In simplified terms, probate is the courtsupervised process that resolves any debts that the decedent might have and distributes the assets to the named beneficiaries or rightful heirs. The Florida probate court is guided by the Florida Probate Rules and Florida Probate code, found in chapters 731 through 735 of the Florida Statutes. Probate is necessary when a decedent has failed to create a will or has left assets in their individual name for disposition solely through their will.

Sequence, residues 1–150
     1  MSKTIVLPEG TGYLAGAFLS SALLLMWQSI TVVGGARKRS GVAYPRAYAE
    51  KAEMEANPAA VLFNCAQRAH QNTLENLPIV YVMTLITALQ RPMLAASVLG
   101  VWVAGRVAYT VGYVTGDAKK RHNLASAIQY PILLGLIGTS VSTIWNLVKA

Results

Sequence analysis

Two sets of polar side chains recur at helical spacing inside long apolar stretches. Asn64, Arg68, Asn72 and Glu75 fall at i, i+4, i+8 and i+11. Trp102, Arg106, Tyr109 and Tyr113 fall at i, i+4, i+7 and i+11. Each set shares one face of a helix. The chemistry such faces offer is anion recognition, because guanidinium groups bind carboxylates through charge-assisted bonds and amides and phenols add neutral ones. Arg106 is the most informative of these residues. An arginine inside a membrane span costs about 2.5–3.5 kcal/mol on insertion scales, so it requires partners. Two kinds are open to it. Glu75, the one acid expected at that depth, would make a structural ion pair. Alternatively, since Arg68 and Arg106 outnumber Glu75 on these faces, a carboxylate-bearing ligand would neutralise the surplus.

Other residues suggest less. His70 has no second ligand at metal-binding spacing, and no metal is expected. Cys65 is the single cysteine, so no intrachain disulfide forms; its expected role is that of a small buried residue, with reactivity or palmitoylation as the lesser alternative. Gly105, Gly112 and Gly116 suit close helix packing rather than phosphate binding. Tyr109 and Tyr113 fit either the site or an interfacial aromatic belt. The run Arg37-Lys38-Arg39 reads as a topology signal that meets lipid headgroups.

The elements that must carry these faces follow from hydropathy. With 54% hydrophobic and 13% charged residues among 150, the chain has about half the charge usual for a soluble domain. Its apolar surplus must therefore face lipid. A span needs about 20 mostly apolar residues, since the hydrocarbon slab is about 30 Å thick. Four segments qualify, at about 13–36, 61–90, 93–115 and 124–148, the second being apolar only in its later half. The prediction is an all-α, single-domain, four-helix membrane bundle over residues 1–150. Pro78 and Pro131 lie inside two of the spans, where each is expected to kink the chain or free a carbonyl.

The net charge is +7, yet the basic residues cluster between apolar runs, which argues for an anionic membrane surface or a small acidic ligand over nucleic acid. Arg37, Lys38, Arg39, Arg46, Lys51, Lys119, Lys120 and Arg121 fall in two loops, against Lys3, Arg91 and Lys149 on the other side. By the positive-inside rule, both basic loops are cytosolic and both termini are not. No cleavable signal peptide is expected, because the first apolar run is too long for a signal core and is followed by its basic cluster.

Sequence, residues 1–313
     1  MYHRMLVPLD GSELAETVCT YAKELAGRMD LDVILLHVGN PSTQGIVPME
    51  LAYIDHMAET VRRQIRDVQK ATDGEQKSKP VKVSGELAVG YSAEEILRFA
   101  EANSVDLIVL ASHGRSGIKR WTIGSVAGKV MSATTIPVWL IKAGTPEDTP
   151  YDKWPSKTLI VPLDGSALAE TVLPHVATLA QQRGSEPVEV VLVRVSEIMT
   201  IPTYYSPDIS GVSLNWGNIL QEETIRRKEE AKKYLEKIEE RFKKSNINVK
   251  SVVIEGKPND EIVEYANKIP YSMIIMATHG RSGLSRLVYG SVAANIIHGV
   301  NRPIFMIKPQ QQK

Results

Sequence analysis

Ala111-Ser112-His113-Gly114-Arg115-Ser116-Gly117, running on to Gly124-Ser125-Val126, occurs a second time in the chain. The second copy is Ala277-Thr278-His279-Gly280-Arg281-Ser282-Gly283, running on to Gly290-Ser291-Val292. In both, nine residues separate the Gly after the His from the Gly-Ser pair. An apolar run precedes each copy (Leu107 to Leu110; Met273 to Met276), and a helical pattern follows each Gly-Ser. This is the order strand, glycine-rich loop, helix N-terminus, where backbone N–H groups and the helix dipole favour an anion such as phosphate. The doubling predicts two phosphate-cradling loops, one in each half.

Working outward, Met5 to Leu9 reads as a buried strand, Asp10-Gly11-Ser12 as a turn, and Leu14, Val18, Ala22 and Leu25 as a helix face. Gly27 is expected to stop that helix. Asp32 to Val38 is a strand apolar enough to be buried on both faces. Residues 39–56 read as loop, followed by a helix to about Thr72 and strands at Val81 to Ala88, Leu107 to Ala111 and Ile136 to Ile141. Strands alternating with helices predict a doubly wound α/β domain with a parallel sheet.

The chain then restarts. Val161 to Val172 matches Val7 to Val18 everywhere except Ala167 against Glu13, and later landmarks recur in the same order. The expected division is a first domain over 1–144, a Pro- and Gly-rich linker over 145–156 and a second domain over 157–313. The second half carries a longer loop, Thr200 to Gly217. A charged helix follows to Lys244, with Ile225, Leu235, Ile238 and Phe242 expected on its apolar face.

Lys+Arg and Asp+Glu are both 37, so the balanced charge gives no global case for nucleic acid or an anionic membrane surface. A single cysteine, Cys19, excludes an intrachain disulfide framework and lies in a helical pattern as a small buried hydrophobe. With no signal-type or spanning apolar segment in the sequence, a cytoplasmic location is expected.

Yes, you can avoid probate if you don't have a will. In fact if you’re only using a will to dispose of your assets you are guaranteed to go into probate. If you don't have a will and you don't have any “will substitutes” then you also will end up in probate. In that case, Florida law will decide where your property goes instead of you deciding in a will, so one way that you can avoid going through probate to distribute your assets is through coownership of accounts. If you have ownership with your spouse as tenants by the entireties or with someone else as joint tenants with rights of survivorship, then upon your death that asset will pass to the survivor of the two of you. Another way to avoid probate is by using a beneficiary designation. With bank accounts, you can fill out a form called “pay on death” (aka POD) and with investments accounts, you can fill out a form called “transfer on death” (aka TOD). Another way that you can avoid probate and avoid using a will is by trust ownership. If you can move the asset into the trust (called “funding the trust”) then that is a probative avoidance tool. Keep in mind that if you die with anything in your individual name or inherit anything after your death, then probate is absolutely necessary and you will need a will to make sure that your assets are distributed the way you intend. Some of the assets that you might not be thinking about are a wrongful death action or personal injury settlement you’d need a personal representative to represent your family. Any monetary recovery that is held or paid in your name must go through probate. If there is a homeowner's insurance claim because a hurricane came through (we've seen this a lot where somebody dies and then there's a claim filed while the family is living there), the settlement check is going cut to the deceased person. That means the money is going to go through probate to end up in the right hands. If you inherit from someone in your family after your death because they could have left a will naming you as a beneficiary, then your family has to file probate to inherit that interest. If your family found an old paycheck that was that was made out to you and they didn't deposit it before you died or if there's a new check that was issued because you were working during the last two weeks before you died (think business profits or distributions), that money will go through probate. You also may want to transfer any of your personal property as well families often fight about the smallest of things for sentimental reasons. If you won the lottery the night before you died, that money is going through a probate, so you better have a will! Also, you need to name guardians for your children and that is most often done through your will, which requires probate court involvement.